That less-than operator: Do you have to handle nonreduced fractions like 2/4 ?  Illegal fractions like 2/0?  Can you assume anything about the size of the integers?

That array you're shuffling: do we care if a hacker can predict the sequence? Do we need crypto-strength randomness, or reproducible pseudo-randomness?  Is this for an online poker game for real money or a test case for a sort algorithm?

And so on.  None of these problems is well-defined enough that I'd feel comfortable writing production quality code without at least some clarification.

Candidates often make the mistake of concentrating on the code, like the code exists in a vacuum for its own sake.  That's a very unrealistic assumption!  Code not only has to be well engineered and correct, it has to be maintainable, testable, and solve a real customer problem.  In your interview, when you're done writing the code, think about:

  • how would a tester attack it?  Is the design even testable?
  • does it handle stuff that hostile/buggy callers are going to throw at it?  null pointers, large denominators, huge arrays? 
  • does it work well with other technologies?  that is, does it use the conventions of COM or ATL, or does it work against them?
  • is it correct, robust, maintainable, debuggable, portable, extensible? 
  • how would you know whether this was the code the customer wanted or not?

Now, this is not to say that someone who automatically thinks char * when they hear “string“ is an automatic no-hire.  But I am a lot more inclined to believe that “experienced in COM programming“ on your resume if you acknowledge the existence of BSTRs!  Also, I recognize that fresh-out-of-school candidates often have very little experience with these sorts of “real world“ considerations; I cut them some slack in those areas and concentrate on their raw intellectual horsepower, coding talent and long-term potential.

Finally, let me reiterate that technical interviews are hard, and even bright people screw up on them sometimes.  Two teams no-hired me when I interviewed for full-time positions here!  But that's another story.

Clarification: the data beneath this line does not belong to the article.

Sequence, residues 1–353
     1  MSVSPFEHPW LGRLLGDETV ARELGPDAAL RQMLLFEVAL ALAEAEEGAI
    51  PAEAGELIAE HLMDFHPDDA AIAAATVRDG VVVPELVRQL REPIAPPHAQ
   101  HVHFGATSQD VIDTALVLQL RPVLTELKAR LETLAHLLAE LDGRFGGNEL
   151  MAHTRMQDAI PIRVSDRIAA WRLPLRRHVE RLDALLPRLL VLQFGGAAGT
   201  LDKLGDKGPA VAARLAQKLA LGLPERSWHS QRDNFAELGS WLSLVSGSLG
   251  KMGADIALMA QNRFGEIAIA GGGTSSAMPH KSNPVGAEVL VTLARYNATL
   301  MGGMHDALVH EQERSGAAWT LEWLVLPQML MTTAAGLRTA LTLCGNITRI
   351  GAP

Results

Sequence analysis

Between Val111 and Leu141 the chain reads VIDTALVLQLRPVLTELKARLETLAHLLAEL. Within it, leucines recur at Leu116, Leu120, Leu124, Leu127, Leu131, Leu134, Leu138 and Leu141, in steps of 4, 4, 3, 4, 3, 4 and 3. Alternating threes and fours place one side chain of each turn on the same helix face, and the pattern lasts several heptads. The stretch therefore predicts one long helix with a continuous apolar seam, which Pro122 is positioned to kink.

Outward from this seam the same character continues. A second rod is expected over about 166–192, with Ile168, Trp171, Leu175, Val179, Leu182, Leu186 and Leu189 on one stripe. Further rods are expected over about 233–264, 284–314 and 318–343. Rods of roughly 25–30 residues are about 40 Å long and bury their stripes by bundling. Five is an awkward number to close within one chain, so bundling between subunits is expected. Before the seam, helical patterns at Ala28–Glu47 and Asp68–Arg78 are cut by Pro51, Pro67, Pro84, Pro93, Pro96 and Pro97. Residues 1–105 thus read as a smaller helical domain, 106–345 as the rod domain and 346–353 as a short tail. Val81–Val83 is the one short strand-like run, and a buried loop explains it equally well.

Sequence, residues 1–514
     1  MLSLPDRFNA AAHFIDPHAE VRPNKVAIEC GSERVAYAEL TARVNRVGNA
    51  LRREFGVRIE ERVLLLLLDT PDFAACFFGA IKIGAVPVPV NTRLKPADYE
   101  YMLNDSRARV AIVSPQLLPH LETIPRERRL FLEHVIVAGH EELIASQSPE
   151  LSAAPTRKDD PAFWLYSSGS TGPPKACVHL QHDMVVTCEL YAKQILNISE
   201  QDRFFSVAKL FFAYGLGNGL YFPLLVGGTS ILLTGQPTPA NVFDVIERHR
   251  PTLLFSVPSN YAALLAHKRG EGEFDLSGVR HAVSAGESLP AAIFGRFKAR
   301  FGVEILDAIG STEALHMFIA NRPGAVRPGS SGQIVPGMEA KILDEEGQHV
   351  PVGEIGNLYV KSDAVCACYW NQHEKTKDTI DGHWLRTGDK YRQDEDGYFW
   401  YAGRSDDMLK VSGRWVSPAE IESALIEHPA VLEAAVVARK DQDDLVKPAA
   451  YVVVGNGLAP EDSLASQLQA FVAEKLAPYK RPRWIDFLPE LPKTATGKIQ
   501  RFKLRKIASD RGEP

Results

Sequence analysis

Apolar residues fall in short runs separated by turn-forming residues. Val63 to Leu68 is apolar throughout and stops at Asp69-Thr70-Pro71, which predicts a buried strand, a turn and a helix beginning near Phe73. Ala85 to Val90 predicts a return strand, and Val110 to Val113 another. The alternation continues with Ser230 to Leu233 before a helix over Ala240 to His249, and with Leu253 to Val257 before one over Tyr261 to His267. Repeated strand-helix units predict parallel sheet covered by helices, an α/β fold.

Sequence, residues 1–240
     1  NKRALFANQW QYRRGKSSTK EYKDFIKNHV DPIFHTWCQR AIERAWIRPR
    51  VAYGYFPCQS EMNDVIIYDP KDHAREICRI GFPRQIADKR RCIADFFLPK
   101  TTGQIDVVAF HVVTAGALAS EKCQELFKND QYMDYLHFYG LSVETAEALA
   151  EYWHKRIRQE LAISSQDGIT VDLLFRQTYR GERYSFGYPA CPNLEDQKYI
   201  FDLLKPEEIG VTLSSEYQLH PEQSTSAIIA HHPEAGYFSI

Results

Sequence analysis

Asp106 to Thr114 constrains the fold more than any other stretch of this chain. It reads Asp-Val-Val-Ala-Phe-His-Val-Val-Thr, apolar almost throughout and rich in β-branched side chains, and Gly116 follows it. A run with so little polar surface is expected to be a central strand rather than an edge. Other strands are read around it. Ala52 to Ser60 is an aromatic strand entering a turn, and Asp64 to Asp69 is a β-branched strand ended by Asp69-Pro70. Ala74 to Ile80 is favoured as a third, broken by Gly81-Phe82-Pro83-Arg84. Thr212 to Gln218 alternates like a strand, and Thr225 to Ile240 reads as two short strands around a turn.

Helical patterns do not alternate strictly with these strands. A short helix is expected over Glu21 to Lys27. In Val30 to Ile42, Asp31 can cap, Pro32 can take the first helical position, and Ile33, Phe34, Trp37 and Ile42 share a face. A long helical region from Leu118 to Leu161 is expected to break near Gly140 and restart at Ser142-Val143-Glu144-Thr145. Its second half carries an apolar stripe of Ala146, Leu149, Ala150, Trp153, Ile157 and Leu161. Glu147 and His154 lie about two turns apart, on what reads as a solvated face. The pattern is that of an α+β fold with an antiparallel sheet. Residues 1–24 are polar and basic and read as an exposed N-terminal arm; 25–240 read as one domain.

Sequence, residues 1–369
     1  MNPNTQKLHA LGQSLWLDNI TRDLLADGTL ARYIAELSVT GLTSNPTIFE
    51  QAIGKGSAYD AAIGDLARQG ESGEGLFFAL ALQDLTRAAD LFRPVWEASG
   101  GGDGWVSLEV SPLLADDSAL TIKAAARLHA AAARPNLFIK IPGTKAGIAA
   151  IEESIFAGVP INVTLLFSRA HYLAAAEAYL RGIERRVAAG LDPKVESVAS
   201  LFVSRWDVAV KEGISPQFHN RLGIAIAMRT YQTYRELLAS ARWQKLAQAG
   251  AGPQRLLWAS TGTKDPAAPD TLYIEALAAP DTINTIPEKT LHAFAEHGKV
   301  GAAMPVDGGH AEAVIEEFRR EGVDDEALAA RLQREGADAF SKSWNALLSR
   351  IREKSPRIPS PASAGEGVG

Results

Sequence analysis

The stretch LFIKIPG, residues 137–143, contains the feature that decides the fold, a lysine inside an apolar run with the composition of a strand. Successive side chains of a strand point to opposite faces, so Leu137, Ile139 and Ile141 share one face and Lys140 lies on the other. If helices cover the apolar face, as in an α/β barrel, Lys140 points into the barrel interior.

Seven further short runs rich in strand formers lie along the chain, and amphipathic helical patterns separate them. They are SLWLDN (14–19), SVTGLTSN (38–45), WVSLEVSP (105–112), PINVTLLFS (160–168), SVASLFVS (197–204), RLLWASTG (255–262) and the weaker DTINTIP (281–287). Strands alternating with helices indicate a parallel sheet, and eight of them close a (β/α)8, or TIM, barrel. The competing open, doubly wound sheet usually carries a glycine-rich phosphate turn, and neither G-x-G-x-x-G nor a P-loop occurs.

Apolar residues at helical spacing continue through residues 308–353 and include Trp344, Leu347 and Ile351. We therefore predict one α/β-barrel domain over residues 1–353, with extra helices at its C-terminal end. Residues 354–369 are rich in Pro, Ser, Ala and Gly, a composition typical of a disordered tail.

• ... "these sorts of “real world“ considerations" ...

    Microsofts "real world" and everyone elses "real world" are completely different entities. Microsoft has different goals, different methods, and different considerations when designing software. To assume a candidate will just know what is important to Microsoft design because it is the correct thing to know is at best arrogant and at worst just plain wrong.

    I realize you want someone who can fit in to the Microsoft way, but the Microsoft way is something a talented candidate will be able to learn.
  • Are you an "industry" (several years experience) or "campus" (fresh out of college) candidate?

    Either way, I would not say that there are any _particular_ algorithms you should "brush up" on. You should have some facility with all the standard tools in the developer toolbox: recursion, tree traversal, hashing, sorting, pointer arithmetic, etc. It's unlikely that someone is going to say "what's the Shell Sort algorithm?" What's more likely is that someone will give you a problem that can be easily solved with one of those tools.

    For example, one of the problems I was given when I interviewed for FTE was to describe algorithms I might use to store a Scrabble dictionary optimized for rapid lookup. That's not a "standard" algorithm you can brush up on in a book, but if you have a good working knowledge of tools used to design algorithms, a bunch of ideas pop right out. (eg, sort the list by word length FIRST and then by alpha order. Since anagrams are important, maybe it would be sensible to store words based on their letters in alpha order, eg, list BADE as ABDE, list STOP, POTS, SPOT and OPTS under OPST, etc.)

    Come across as passionate, smart, gets things done. Be ready to talk through your past work in detail, and don't be afraid to give opinions on where it was badly designed and where it worked well. Ask questions (but don't try to take over the interview!) -- I am deliberately vague because I want candidates to show me that they can deal with ambiguity.

    And please don't try to bluff your way through a question if you really have no clue -- just say that you have no clue and try to get some clarity. We don't expect that everyone will be an expert in every technology, so ask if you don't understand something. I've had candidates try to convince me that they know what a "delegate" is, for example, and I can tell when you know and when you're guessing.

    And relax! Easier said than done, I know...